A Polaroid: Jacarandas, Rain and Farewells

 

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Image by Reem Taha Photography

I could recall beauty in separate, slow polaroids, one after another. The world was moving fast around me, unswervingly coherent with the pace of my legs, as I run as if I were in a dream.

Laughter filled the air and into my lungs; Amana ran behind me and Golden-Hair-Honey-Eyes had me at my hands in front of me.

The clouds drizzled and there was no shelter anywhere around. Like everything that’s natural, so was the desire to live forever. I wanted to taste every flavor of adrenaline there was. I wanted to love like there was no time left for me in this world. I wanted to immerse in every last pleasure left abandoned.

And, it hurt me to think this would all be over soon. Was my life at the time the little “world” I spoke of? What if it was heaven, more than anything else?

We were in Luna Park – a heaven – and Amana and I just met Golden-Hair-Honey-Eyes when we got on the Ferris Wheel.

Golden-Hair-Honey-Eyes, where you from?” I asked him.
“Wollongong, you?” he replied. His eyes gleamed in the faint sun. He had freckles scattered like stars in a night sky across his face.
“I’m from Liverpool. Amana over here, though –”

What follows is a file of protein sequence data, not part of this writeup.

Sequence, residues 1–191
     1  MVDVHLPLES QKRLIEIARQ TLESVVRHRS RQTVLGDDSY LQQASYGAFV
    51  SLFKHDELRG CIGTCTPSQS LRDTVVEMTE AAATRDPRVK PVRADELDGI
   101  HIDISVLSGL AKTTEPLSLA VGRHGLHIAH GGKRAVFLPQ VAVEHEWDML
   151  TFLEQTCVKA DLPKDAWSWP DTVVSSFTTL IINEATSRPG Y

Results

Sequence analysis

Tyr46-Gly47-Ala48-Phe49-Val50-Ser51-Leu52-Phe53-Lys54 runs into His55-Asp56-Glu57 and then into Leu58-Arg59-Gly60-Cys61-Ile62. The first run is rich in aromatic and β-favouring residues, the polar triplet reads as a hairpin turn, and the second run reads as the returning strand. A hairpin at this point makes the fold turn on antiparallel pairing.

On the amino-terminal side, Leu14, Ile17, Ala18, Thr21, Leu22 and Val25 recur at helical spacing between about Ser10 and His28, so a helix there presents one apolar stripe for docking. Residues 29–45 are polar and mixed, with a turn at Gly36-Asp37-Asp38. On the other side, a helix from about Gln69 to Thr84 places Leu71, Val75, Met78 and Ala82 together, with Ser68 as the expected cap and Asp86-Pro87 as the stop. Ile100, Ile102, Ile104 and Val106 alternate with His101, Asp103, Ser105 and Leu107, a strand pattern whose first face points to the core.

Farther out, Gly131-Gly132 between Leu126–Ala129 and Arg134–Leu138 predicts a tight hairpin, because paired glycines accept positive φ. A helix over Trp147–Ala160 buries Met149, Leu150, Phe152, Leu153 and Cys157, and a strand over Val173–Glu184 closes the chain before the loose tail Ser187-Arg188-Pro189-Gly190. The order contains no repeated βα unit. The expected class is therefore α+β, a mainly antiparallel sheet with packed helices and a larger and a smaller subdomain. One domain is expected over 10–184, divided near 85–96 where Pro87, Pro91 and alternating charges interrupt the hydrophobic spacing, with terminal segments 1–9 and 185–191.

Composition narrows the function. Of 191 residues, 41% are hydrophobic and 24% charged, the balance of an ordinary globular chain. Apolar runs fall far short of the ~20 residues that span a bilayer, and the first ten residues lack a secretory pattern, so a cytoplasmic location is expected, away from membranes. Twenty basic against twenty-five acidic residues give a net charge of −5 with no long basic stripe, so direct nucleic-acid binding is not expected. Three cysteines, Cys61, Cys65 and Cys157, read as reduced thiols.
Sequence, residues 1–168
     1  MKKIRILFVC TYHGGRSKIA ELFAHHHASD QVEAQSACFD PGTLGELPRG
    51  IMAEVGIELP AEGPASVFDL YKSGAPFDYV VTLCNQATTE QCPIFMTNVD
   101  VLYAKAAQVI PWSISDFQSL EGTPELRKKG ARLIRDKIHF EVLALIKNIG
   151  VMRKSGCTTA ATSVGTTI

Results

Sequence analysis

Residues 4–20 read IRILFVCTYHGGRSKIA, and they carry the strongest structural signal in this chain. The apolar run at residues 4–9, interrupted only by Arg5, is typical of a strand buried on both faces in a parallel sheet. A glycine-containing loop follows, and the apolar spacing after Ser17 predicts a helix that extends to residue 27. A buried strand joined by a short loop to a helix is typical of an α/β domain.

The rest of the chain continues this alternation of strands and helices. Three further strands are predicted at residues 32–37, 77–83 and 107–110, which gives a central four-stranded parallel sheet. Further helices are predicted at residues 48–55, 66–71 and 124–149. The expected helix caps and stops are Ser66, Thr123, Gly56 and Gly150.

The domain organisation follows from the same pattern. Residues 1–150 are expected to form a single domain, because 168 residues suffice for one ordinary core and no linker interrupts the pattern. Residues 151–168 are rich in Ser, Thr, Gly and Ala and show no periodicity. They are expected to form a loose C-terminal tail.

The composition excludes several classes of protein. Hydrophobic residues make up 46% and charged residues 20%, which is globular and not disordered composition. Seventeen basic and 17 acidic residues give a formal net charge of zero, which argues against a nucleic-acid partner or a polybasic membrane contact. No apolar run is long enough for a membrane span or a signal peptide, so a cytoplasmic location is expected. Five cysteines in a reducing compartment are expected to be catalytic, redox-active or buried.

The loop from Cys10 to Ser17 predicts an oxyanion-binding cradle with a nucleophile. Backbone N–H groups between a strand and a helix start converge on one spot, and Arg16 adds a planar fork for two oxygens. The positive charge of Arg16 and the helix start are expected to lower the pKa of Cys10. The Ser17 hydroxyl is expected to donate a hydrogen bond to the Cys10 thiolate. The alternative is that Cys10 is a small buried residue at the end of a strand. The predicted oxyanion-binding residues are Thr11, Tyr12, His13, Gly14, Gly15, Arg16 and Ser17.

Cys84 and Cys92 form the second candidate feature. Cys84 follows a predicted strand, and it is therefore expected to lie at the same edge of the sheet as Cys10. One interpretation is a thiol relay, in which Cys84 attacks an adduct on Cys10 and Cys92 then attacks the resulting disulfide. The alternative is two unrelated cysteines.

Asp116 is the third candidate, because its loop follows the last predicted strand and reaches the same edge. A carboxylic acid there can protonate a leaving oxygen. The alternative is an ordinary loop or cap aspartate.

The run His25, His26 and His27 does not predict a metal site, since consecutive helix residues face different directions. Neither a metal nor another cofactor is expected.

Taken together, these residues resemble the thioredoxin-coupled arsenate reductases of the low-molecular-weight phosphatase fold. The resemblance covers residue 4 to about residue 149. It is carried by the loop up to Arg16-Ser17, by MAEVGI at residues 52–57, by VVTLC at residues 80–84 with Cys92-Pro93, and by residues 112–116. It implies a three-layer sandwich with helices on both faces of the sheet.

“Bexley,” she said.
“Cool. Let’s go to the Magnetic Fields after this.”
“Let’s GO!”

Hastily, as if we’re running out of time, we jumped out and ran yards into some future I knew nothing of.

That night, we walked by jacaranda trees in some old suburb. Although the streets were almost empty, I could hear music of deep melancholy ease into my ears; it was as if the jacarandas were bidding some sort of farewell to me.

“Goodbye, Golden-Hair-Honey-Eyes, you’re never going to see me again,” I felt nervous and funny, how a stranger could matter to me. The streetlight flashed above us; not more than the mere silhouettes of our features were apparent under our pixel autocracy. He pulled me into an embrace – there was nothing weird or awkward about it. It was the first time.

We were young, and nothing in the world mattered because  we were.

 

Mona Issa

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